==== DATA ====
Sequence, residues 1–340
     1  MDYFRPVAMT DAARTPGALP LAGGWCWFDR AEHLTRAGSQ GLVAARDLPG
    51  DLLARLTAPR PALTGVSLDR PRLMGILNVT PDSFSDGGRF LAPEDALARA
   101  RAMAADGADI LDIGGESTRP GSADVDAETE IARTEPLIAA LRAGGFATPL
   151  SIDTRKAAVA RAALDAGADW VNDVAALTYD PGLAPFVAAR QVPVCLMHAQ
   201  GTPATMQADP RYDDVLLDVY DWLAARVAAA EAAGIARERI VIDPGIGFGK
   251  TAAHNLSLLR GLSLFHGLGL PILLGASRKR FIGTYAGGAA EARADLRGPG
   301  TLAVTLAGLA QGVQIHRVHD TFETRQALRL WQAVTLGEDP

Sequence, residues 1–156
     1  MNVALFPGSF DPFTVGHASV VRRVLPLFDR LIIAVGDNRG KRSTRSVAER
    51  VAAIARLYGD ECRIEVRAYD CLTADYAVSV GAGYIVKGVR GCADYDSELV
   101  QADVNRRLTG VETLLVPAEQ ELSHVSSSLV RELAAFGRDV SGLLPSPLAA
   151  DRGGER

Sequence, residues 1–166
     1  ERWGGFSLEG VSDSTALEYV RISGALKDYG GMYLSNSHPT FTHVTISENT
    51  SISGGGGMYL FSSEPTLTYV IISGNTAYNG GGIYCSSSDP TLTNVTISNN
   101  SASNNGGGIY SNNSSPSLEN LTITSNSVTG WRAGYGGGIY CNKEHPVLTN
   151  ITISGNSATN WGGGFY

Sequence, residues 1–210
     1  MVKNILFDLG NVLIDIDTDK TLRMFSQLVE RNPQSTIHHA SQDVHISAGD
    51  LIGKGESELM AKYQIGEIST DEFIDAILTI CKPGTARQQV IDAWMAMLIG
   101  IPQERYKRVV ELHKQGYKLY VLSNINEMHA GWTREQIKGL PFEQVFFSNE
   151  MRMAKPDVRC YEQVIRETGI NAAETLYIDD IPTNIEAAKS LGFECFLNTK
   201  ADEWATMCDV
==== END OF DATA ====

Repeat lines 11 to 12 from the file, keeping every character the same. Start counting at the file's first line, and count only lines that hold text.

    51  VAAIARLYGD ECRIEVRAYD CLTADYAVSV GAGYIVKGVR GCADYDSELV
   101  QADVNRRLTG VETLLVPAEQ ELSHVSSSLV RELAAFGRDV SGLLPSPLAA